Customers can help Industrials navigate through the recession – if only Industrials would let them

Customers can help Industrials navigate through the recession – if only Industrials would let them


  1. Industrial OEMs deal with a very complex installed base environment – functional,  fragmented, and silo-ed ownership of data
  2. As a result, no one function, in particular, is accountable for managing and maintaining data about an OEM’s installed base.
  3. As a result, it is incredibly time-consuming, tedious, and expensive to glean any insight or intelligence from this data.
  4. This effort limits the actions OEMs can take based on this data and, as a result, are short-changing themselves in their strategic initiatives.
  5. Solving these problems would unleash growth and productivity for the OEM
  6. An Installed Base Platform is the perfect solution for these problems

I hadn’t intended to write this as a recession piece. This blog was originally a summary of the results of an industry-wide survey, diligently run by Michael Blumberg of the Blumberg Advisory group. However, as I got down to write this, there were two factors weighing heavily on me – the first one was what was happening all around us (read this as recessionary headlines). The other was the survey results (not a pretty picture). 

Inflation, stagflation, recession, downturn – call it what you may, but ‘it’ is upon us, with some estimates pointing to a recession hitting us in mid-2023 or mid-2024, depending on who you read today. Industrials, hit with lower equipment sales during the pandemic, were hoping for a respite post-pandemic but are now bracing themselves for the double whammy.

That brings me to the survey Michael Blumberg conducted and why the results mean much more against the backdrop of the looming downturn. The survey results are incredibly insightful and shine a light on how Industrials will conduct themselves during the recession. As I said earlier, though, the picture isn’t pretty. In a nutshell, while the vast majority of Industrials have ambitions to grow, their means and methods remain archaic. They aspire to step into the 21st century with tech adoption and digital transformation; however, their efforts in this direction feel like a ground-hog day where they repeat the same mistakes they did when adopting their ERP, CRMs, and other “green-screens” two-three decades ago.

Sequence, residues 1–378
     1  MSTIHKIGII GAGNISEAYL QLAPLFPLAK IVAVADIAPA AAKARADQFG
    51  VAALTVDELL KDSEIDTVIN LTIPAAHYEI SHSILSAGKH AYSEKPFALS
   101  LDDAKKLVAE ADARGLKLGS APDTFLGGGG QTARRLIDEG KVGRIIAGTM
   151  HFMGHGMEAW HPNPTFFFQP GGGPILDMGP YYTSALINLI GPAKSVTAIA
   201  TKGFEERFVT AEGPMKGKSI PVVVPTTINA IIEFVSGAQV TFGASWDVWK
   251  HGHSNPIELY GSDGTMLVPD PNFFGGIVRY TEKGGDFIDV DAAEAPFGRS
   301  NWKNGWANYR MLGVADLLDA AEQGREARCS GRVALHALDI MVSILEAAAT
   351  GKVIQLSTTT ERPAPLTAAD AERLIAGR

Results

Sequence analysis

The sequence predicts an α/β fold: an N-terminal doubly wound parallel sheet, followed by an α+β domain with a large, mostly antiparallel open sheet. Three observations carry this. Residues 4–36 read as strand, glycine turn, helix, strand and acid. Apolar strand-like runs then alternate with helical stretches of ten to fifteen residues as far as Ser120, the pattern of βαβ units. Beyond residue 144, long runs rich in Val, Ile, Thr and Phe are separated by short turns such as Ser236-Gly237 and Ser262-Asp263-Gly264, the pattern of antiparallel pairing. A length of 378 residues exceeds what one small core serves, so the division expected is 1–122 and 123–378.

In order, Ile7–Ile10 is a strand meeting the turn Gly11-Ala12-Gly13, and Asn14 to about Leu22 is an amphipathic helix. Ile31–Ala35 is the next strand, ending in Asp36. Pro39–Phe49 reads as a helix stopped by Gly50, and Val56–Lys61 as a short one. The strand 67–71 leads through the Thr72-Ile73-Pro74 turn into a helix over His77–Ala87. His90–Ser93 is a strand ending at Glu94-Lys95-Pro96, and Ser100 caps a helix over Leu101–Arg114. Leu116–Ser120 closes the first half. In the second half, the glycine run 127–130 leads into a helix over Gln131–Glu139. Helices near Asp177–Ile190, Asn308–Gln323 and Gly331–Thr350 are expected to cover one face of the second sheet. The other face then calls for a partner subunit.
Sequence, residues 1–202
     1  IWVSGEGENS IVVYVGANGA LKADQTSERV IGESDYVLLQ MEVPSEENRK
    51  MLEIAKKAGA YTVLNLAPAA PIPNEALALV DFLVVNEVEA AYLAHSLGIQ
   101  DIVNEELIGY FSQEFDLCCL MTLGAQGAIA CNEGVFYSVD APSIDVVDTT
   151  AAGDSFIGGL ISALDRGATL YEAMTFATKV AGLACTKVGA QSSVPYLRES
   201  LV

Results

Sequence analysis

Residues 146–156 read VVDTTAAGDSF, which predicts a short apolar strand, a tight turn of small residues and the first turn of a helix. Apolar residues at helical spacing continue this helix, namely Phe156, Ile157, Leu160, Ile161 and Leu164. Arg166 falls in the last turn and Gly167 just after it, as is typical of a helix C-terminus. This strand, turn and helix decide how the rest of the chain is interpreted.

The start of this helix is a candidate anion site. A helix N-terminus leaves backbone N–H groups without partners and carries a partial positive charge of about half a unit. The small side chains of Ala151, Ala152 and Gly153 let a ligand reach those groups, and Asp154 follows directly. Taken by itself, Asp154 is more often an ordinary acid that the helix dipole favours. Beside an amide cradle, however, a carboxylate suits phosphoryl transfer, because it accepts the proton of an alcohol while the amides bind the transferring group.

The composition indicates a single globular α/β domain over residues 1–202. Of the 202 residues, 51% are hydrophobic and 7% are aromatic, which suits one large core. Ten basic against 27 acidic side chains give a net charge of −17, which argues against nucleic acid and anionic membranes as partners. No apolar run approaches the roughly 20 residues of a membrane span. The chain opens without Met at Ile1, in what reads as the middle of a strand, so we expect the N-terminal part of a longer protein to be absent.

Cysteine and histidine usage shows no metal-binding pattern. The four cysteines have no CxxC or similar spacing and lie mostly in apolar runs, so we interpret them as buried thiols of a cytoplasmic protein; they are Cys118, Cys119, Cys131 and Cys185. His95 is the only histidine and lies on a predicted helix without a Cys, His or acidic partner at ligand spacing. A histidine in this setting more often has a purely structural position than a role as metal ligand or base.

While the vast majority of Industrials have ambitions to grow, their means and methods remain archaic. 

Industrials are bad at record-keeping

There, I said it. Industrials are bad at record-keeping. I haven’t met a single Industrial OEM executive who would disagree with me on this one topic. Their affirmations are always followed by reasons why this is the case. But, thanks to the Industry Survey, we can now outline precisely what ails Industrial record-keeping, especially data about their customers. Industrial OEMs deal with a complex installed base environment – functional,  fragmented, and siloed.

Industry Survey Report: Number of Systems in which your Industrial Data residesSource: Industry Survey conducted by Blumberg Advisory Group in association with Entytle, Inc

This has a ripple effect – with no single person responsible for data, customer data is nobody’s baby.  While everyone needs the data, no one wants to own it because it doesn’t fall under their purview.

Industry Survey Report- Which function in your organization is responsible for managing Installed Base Data | Entytle

Source: Industry Survey conducted by Blumberg Advisory Group in association with Entytle,Inc

Now compare that to tech companies; healthcare enterprises, amongst others, employ a Chief Data Officer squarely in charge of all things data. There’s no Chief Installed Base Officer as far as Industrials are concerned – if there are, it’s usually an added responsibility with minimal powers to execute change.

 My biggest takeaway from the survey results is that, unlike tech companies, healthcare orgs, etc., Industrials don’t see themselves as data companies. While tech companies rely heavily on data for their operations, healthcare orgs have realized the importance of good quality data in delivering efficient care a decade ago. Industrials, on the other hand, view themselves as manufacturers, and equipment manufacturers, to be specific, but not as data companies. This serves them well when selling equipment. However, for the digital transformation initiatives they are undertaking post-2019 and for facing the downturn that is hurtling towards us, they will have to reimagine themselves as a data company as well (or at least imagine themself as a data-first company).